In 2011, Ruben Bolling and I interviewed Al Jaffee for the Gweek podcast. I was so excited.

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Meet the hair dealers, from growers to collectors to buyers


Anthropologist Emma Tarlo just published a new book, Hair: A Human History, investigating the weird culture and business surrounding hair, from Jewish wig parlors to its use in Hindu temples to hair loss clinics. In an excerpt at Smithsonian, Tarlo tells of the hair trade, tracing the path from the growers to the sellers to the buyers:

An Ohio woman who goes by the pseudonym Shelly-Rapunzel sold 38 inches of her ankle-length brown hair on for $1,800. “All money is going to doctor appointments that have to be paid upfront,” she says. She is not alone. The website is full of women auctioning their hair to the highest bidder. Not all have tales of hardship: some simply want a change of hairstyle; others do it to raise money for specific purposes such as education or charity; others are regulars who use the hair on their heads to bring in some extra cash every few years.

As a hair seller whose identity is at least somewhat known, Shelly-Rapunzel is an anomaly in a largely anonymous world. The gathering of human hair is on the whole a backstage business about which little is known to those outside the trade. Transactions of this sort where named individuals negotiate good deals for their hair make up only a tiny fragment of the billion-dollar trade in human hair…

Much of the hair procured for wigs and extensions on the global market today is collected in bulk by intermediaries in contexts where hair sellers and buyers occupy different social and economic worlds. Most of it is gathered in Asian countries in exchange for modest sums of money. By the time the hair reaches the marketplace, it is usually divorced from not only the head of the woman who sold it, but from its place of origin. Even many of the shopkeepers and traders who sell hair extensions and wigs know very little about how it has been gathered unless they go to the considerable trouble of collecting it themselves or work for a major hair-manufacturing company with a department dedicated to hair procurement. Labels such as “Brazilian”, “Peruvian”, “Indian”, “European”, “Euro-Asian” and “Mongolian” adorn packets of hair, but they often operate more as exotic promises of variety than indicators of hair origin.

Hair: A Human History by Emma Tarlo (Amazon)


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Slenderman documentary


Beware the Slenderman is a forthcoming HBO documentary about the latest incarnation of the bogeyman, including the 2014 story of the two 12-year-old girls who attempted to stab their friend to death as proxies of the faceless, lanky humanoid monster. First manifested on the Internet (and memetically spread into young peoples’ nightmares) around 2011, Slendy is also set to star in his own horror film produced by Sony’s Screen Gems division. (via The Daily Grail)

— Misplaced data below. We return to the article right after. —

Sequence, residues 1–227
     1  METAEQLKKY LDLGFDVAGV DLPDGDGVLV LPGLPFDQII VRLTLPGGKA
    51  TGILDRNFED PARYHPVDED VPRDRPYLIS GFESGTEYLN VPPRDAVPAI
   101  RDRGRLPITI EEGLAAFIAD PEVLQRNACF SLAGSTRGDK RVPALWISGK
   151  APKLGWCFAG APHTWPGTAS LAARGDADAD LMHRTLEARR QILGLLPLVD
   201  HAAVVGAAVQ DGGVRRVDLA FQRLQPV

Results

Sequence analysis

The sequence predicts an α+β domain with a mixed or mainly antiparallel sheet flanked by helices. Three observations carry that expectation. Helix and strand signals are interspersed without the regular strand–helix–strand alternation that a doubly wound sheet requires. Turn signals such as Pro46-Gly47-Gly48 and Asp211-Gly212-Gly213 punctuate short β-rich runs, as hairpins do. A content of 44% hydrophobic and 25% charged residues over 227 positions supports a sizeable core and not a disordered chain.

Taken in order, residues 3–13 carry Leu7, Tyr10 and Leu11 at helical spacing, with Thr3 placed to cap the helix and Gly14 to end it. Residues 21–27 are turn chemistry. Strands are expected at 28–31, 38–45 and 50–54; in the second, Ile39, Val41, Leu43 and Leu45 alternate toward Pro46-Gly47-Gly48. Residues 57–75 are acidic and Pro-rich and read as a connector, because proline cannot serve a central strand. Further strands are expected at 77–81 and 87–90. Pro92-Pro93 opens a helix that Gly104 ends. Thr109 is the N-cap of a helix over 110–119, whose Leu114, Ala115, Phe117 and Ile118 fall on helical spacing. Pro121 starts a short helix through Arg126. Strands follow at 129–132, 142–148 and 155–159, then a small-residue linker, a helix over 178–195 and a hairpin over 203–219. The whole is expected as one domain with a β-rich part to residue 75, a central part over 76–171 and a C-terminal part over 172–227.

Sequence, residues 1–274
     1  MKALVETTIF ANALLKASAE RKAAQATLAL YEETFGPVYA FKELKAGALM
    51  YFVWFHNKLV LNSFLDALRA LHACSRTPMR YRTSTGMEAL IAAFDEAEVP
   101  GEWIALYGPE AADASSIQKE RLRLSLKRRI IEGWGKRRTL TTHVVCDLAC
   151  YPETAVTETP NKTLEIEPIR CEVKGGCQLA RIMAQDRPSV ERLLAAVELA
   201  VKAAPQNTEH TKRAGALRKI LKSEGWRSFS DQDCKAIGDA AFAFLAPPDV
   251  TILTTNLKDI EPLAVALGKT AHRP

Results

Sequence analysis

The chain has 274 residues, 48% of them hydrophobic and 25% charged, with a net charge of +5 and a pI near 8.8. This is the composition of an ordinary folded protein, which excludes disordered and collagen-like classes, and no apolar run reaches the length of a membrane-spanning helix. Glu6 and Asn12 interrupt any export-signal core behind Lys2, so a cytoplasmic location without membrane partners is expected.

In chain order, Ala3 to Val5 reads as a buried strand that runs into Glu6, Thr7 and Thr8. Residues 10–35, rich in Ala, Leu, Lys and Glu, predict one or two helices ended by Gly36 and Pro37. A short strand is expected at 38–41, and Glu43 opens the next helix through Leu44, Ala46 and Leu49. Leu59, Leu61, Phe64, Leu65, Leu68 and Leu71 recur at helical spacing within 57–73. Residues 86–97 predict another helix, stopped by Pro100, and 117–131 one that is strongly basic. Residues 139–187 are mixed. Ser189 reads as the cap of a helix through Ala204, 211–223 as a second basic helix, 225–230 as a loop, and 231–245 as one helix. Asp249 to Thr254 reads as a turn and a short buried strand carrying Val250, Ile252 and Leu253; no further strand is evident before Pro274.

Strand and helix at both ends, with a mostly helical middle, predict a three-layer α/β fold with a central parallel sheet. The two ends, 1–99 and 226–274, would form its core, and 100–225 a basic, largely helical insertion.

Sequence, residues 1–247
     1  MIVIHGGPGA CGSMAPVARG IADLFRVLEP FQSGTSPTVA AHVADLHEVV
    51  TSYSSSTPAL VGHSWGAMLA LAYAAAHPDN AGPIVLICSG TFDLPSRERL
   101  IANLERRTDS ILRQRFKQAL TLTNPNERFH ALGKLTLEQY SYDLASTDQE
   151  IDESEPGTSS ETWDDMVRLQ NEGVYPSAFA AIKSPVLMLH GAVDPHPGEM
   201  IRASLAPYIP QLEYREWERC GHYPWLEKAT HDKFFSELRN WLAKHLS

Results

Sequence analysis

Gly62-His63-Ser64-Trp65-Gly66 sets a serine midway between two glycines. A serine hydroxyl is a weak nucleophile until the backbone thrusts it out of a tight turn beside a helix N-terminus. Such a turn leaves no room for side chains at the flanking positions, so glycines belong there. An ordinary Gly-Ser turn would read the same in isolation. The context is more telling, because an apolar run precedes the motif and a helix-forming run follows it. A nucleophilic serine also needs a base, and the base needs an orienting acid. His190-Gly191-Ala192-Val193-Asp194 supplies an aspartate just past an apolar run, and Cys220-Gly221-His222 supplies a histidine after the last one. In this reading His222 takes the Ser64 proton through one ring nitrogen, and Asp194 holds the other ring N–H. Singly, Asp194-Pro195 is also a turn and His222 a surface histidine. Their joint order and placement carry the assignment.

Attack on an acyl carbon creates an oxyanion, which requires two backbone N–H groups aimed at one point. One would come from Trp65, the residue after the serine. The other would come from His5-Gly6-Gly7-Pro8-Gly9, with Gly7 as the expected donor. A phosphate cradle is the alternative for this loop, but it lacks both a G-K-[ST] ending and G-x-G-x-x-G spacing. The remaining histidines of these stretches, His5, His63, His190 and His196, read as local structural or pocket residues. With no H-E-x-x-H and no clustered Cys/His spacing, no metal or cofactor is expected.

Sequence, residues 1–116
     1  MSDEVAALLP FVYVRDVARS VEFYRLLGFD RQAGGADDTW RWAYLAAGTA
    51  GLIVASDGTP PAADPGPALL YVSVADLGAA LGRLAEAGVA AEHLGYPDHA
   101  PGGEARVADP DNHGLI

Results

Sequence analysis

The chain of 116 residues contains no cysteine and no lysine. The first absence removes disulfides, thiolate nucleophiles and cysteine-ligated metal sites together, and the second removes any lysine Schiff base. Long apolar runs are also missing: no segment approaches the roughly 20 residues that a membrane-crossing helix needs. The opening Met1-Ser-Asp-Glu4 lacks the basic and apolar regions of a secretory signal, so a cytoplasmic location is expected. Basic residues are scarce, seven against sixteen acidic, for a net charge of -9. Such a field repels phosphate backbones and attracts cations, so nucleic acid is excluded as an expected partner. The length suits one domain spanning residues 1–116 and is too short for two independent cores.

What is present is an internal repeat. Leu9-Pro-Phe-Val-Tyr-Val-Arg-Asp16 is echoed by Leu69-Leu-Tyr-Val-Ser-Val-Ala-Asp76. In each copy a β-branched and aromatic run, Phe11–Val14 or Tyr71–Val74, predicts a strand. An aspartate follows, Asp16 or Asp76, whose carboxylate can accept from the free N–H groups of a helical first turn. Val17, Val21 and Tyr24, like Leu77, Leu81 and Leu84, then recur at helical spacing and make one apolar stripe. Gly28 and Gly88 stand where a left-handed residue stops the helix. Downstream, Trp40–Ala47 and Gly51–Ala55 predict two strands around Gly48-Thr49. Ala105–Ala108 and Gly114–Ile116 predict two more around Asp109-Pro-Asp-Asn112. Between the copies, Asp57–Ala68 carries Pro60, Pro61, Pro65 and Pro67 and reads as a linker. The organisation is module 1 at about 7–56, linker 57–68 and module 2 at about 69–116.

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Anish Kapoor banned from using world's pinkest pink in retaliation for hoarding the blackest black


Anish Kapoor — last seen in these parts when he apparently insisted that it was illegal for people in Chicago to take pictures in their public park if they captured a sculpture that had been donated to the city — got a nanotech company called Nanosystems to promise him the exclusive right to paint with their Vantablack pigment, which uses carbon nanotubes to absorb 99.96% of visible light.


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24-hour sale: this top-rated Bluetooth speaker is rarely this affordable


This week is deals week in the Boing Boing store, and first up is the G-TUBE Adventure Ready Bluetooth Speaker. It may be super compact, but you wouldn’t know it from the powerful sound it projects. It’s known as one of the best-performing portable outdoor Bluetooth speakers, and it’s on sale today only.

At first glance, I noticed that it’s super lightweight as advertised, and can definitely be easily carried around. It’s also water resistant and comes with a durable exterior that makes it perfect for outdoor use. It really can survive water splashes from any angle so you’ll feel safe bringing it to the beach or lake.

The steel grill with protective elastomer guards the G-TUBE from everyday wear and tear, and its metal loop can be used to hang it from your bike or shower. But the highlight of the G-TUBE is definitely its sound quality, which easily rivals more expensive and larger speakers.

The G-TUBE has been really well reviewed all around, and has received 4.5 out of 5 stars on Amazon. This speaker rarely goes on sale, but today you can bring it home for 20% off, just $31.99.

You only have one day to buy the G-TUBE wireless speaker at this discounted price, so grab it now in the Boing Boing Store for just $31.99.

Also explore other Best-Sellers and Giveaways on our network right now:

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In 100 years, we'll remember technology's transformation and Trump will be long forgotten


Steven “Hackers” Levy has a long view of Trump: as radical as he is, he’s only a drop in the bucket compared to the political and social changes wrought by technology: “Who was king during the industrial revolution in England? The quirks and flaws of government leaders are not relevant information when studying the enlightenment. In the long run, the Galileos and James Watts of the world have even more influence than the Napoleons.”

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Elevators with no buttons, doors or stops


Paternoster elevators don’t have doors or buttons. The run continuously in a loop, like a ferris wheel. When you reach your desired floor, you get off quickly. 99 Percent Invisible has an article about these curious conveyances, which can still be found in Europe.

The compartments of a paternoster lift wrap around like a chain, with two side-by-side openings on each level. Passengers step into and out of either the “up” or “down” side on a given floor.